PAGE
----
Old Time Travellers
Lauren's Life Lines
about the Travelling People of the Isle of Lewis. Recently while researching online I tried to find it again but it was no longer available online. So today I had a EUREKA! moment, I remembered that I'd copied & saved the news item, so here's that excerpt from the WHFP...
Our teachers told us they were tin-smiths, a perfectly honourable occupation, and all of us used their pails, mugs and buckets to carry water from the well and milk from the cow (or the dairy). Besides, John Bunyan had been a tinker, and that invested his class with the aura of his genius. But even if it hadn't, there was still that physical bit. It wasn't simply that they were bigger. In all those things that mattered to boys they were better: better at football, better at scrapping and better at running. And as if all that weren't enough, when it came to horses they were magic. Man and boy, they could ride bareback like rodeo stars, clinging to the mane as their horses galloped across road and moor; and if they fell off they thought nothing of it. One minute they seemed doomed under flying hooves; the next they were leaping unerringly on to the horse's back.
At school, they shared our classrooms: Jacob, John Angie and Coll (all MacDonalds); Jimmy, Jimsie and Dolly (Stewarts); and Evan and Archie (Drummonds). Evan it was who risked his life to save a sheep trapped in broken ice on the Laxdale River; and Archie it was who loved to rise to the assistant head's teasing question, "Who do you think you are?" "I think I'm Archie, sir!" But they had a raw deal. On their first day in school, they were put in the back seat and there they stayed till the day they left. After 10 years of the sort of schooling we had in the good old days, most of them could barely write their names. The very fact that you were a tinker was taken to mark you as someone with serious learning difficulties.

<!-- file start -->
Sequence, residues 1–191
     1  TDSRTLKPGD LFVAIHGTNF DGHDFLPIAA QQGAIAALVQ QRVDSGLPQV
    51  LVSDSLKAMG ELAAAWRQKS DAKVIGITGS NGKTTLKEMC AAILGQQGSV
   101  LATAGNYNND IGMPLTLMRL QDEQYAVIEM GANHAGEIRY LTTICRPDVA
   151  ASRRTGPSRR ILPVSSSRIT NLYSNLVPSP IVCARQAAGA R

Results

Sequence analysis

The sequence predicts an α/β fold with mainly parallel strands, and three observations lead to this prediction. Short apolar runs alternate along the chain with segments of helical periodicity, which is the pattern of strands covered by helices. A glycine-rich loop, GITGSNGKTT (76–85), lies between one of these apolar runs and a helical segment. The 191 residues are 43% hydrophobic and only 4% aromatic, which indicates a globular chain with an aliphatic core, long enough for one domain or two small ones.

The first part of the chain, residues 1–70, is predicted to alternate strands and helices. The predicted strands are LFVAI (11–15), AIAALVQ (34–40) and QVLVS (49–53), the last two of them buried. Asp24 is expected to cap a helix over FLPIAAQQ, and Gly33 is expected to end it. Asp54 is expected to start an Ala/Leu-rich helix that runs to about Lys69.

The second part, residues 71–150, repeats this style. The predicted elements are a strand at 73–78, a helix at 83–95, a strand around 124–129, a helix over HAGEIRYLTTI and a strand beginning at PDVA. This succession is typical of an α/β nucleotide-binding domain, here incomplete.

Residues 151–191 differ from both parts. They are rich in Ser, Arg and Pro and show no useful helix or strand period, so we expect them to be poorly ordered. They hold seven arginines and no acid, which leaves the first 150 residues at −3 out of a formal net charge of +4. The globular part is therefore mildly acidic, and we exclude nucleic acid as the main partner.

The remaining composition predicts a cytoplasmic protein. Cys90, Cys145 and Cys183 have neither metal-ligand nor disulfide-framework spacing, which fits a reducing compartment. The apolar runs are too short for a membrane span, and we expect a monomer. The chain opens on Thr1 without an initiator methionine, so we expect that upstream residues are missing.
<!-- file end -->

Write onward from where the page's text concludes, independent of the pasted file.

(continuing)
Yet, neglect was only a small part of what they suffered. Almost every day, the tinkers were late for class; and almost every day this meant a belting, even though everyone knew that tinkers didn't have clocks and that being late wasn't the child's fault. Supposing there was nothing else, that one fact damns for me the whole school culture of my youth. Thank heaven for the changed world of today, where education is child-centred, the belt is banned and schools provide pupils of all backgrounds with a safe, reassuring environment! It must have been particularly tough for the girls. Hannah was just my age, an undernourished, gentle and patient slip of a girl who walked home from school with us and afterwards joined in our games. Years later, when she was married in Lochaber and I was the Free Church minister of Kilmallie, she startled a crowded bus by yelling with delight when she saw this wraith-like, dog-collared boy-cleric come aboard. I was on my way to the manse, she to the encampment at Annat, but we had shared a childhood.
And there was Bella, sister to Jimmy who was about my own age and was the best (and certainly the most willing) footballer in the place. Jimmy died in his early teens, from a brain tumour, and his death rocked our little boy-community. Bella was a replica of the young Princess Anne: golden curls, golden smile and infinite civility and charm. She married young and it was in connection with her wedding (I hope she won't mind me telling this) that the story was told of the minister approaching her future husband to ask, "Are you the bridegroom?" "No!" he said, "I'm only the man who's getting married!"
Bella appeared at our door frequently, usually to ask for aspirin or some other medication. The men never seemed to call, but the women appeared frequently, carrying enormous packs on their backs: the "malaid", we called it, after the Gaelic. Made of sacking, it contained the wares they peddled round the doors of the village. No sooner had they entered than the malaid would be opened on the floor and an elaborate game would begin between Clemag and my mother. Item after item would be taken out: needles, combs, cotton-reels, hair-nets and other bric-a-brac; and each time my mother would comment, "Gheibh mi na's saor e ann a Woolie's!" ("I'll get it cheaper in Woolworth's", whence indeed most of it came). But after the game was over, Clemag would have her cup of tea and take her leave, half-a-crown richer (and a few needles poorer).